Tina has fallen in love with our dog bath. A while back we decided to have the dog bath serve dual use as our utility sink. We had it plumbed with a service box that includes a hot and cold water tap, connected with a Y-hose. This set-up allows us to fill buckets, clean tools, and bathe dogs. I suspect Pete’s gonna get a request to build one for Tina real soon.

Here are some things we have learned so far, maybe they can help others:

  1. You cannot plan enough. Check, then check again. It’s forgetting the little things, then having to go back and fix them that really eats into your time.
  2. Buy the big box. We started with a 50 pound box of 3” spiral nails. Figured we’d end up with leftovers. Bought a 25, innumerable small boxes, and then another 25. We should have bought a second 50. We’re going through the same thing with drywall mud.
  3. The lowest quote is rarely the best. Find the best people, hire them. Use your quotes as a reference, and to make sure everybody’s price is in line. In every case when we have hired solely based on price we’ve been sorry.
  4. There is absolutely no limit whatsoever to the varieties of awful smelly things that a work site dog can find to roll in on 100 acres. Two weeks ago Gator rolled in something so foul it made your eyes water when he got close. Get a hose plumbed ASAP.
  5. Unless you have tested them, the wires are live.
  6. Some retailers have credit cards that save money on your first order. If you time things right you can use the card to save on a big purchase. If we had used such a card for our insulation purchase we’d have saved around $600.00.
  7. The plans are never complete enough.

Today, we took pictures, imagine that.



A Message from Your Pregnant Correspondent

Joanne here again. It was another busy day as we try to get things done before the big move (now confirmed to our landlord as May 25). Pete and Tina worked on the final coat of stucco. Glen has become quite the skilled dry waller (but if anyone asks for his help on this he will deny all knowledge of drywalling or his repetitive stress injuries will suddenly flare up) and after working on the back bathroom/storage room he learned some more about stuccoing from Pete and Tina. Donna and I finished priming the utility room. She helped Ron with the tub base and I put some Tremclad on the metal around the newly installed shower base (don’t worry Karen, I wore my respirator).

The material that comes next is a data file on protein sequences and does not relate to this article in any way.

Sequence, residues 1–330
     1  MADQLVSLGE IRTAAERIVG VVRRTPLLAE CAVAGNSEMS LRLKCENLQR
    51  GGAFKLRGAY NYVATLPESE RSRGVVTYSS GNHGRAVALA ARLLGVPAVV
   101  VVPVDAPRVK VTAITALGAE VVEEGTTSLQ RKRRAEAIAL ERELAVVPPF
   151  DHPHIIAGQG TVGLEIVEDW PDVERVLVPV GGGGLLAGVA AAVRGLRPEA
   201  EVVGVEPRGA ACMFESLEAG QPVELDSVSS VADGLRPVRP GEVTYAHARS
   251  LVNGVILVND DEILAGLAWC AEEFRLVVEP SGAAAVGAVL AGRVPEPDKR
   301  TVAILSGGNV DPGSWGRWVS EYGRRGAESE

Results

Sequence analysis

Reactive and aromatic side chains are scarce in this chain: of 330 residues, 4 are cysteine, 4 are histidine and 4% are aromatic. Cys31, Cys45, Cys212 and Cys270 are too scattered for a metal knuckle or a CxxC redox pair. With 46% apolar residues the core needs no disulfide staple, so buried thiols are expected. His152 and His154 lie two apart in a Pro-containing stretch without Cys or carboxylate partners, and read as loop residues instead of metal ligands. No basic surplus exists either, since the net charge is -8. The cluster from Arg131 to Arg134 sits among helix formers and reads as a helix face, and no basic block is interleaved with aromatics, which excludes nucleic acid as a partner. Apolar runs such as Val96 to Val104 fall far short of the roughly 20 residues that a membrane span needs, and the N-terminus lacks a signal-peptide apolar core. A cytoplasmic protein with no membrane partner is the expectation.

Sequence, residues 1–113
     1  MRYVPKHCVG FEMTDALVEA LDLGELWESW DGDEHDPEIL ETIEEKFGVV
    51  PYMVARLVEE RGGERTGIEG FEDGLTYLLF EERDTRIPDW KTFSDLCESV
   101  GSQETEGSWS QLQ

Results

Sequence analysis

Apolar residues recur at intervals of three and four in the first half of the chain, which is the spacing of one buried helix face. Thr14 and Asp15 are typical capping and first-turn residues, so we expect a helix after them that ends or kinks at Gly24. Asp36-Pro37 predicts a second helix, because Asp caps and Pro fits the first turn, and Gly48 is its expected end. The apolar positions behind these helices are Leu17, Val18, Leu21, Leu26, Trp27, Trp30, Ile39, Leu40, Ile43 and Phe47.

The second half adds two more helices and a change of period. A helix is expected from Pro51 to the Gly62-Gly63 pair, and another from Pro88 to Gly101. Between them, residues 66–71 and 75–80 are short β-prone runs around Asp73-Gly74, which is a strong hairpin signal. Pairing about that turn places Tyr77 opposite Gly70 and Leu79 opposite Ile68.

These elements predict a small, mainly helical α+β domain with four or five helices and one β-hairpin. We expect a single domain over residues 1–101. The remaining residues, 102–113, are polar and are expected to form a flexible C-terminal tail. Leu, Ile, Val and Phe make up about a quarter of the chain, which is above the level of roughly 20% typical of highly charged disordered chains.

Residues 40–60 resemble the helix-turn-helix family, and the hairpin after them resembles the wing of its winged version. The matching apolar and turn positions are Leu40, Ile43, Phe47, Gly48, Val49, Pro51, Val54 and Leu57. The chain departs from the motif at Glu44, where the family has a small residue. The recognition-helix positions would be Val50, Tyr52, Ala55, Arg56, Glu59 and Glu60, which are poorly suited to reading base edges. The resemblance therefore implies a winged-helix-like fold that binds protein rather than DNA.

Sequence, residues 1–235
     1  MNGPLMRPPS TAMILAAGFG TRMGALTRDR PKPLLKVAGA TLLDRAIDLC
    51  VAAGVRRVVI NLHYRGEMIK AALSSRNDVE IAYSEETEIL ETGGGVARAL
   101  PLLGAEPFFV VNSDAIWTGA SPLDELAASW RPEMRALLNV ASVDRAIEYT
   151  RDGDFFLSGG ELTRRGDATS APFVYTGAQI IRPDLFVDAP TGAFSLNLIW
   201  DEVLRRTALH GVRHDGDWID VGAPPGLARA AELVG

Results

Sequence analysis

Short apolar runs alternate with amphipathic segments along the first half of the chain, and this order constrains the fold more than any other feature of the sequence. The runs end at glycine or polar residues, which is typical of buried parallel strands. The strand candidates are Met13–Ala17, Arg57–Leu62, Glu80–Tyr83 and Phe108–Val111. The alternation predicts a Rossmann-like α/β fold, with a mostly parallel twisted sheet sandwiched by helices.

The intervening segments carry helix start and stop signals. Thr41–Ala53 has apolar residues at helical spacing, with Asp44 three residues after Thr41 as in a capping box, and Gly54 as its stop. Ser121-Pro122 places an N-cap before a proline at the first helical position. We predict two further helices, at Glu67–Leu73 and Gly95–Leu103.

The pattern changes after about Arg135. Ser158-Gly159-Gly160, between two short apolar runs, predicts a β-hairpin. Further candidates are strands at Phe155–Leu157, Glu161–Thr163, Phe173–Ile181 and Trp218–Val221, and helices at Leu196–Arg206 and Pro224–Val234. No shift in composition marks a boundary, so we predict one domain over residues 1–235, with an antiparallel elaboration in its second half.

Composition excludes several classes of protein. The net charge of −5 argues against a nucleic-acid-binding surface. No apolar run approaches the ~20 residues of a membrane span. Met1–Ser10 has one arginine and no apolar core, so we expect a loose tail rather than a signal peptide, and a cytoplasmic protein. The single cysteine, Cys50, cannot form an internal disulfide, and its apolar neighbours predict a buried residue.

That is both the curse and the blessing of being pregnant while working on the house. It’s nice to take more breaks, but it’s a bit frustrating when so much still needs to get done before we move in. Although it doesn’t exactly break my heart that I won’t be able to move the heavy boxes….

One of the biggest challenges we’re going to have is getting the rest of the beams and posts sanded before we move. It’s a time-consuming job and we can’t do it while we’re painting or while Pete and Tina are stuccoing. My dad offered to come out to sand more beams which will definitely help, but ideally it would be good to do the posts with 120 grit because they’re still pretty rough.

Tomorrow I need to drive along Morton Line and find the Kennedy’s. They stopped in at the house one day when Ron was there and in the course of conversation asked about how I was going to get to work in Toronto. Apparently there are a few people who car pool to the Oshawa Go Station and they wondered if I’d like to join them, which, of course, I would. 

I did want to add another point to the last entry about the things we’ve learned. Always start something new in less visible places. Especially if you’ve never done it before. We first tried drywalling in the bathroom (where it will be seen the most). We should have started in the laundry/dog bath area and done the bathroom once we had a better idea of how to do it.

You don’t get to see me in my Darth Vadar respirator because I took all the pictures today. (my first successful pictures link!)



More progress

It rained most of the day. Which in our case is good and bad. Good because it made the house more humid which helps the stucco. We were getting some pretty bad cracking and crinkling on the freshly stucco’d walls, part of the reason for this could be that the walls are so dry that they are pulling the moisture out of the stucco mixture too quickly. Bad because we depend on the sun for our power.

The wall that we stucco’d yesterday had to get a re-coating of lime today to fill in the cracking and crazing. Pete and Tina went over the whole thing, Tina with her ‘jet pack’ soaking the wall down and Pete spreading the lime down super thin.

We got the back bathroom (storage room for now) primed and set up the grey shelves. That enabled us to clear out the back room and move the saw and other tools out of the front part of the house. Maybe now we can keep the level of dirt and sawdust down a bit in the front room. Two weeks to move date.

Here’s the current to do list:

  • Paint kitchen and bathroom walls (and bathroom ceiling), both have already been primed.
  • Conduit and main house electrical and phone lines.
  • Door and window trim.
  • Caulk/foam all remaining door and window edges.
  • Fibreglass shower back wall, order shower stall glass, door, and all hardware.
  • Measure for kitchen cabinets, get measurements to Gene, cut and build cabinets.
  • Fix exhaust pipes where they pass through roof above bathroom.
  • Get stove & dishwasher hooked up (dishwasher not yet delivered).
  • Clean.

That’s the list for moving in.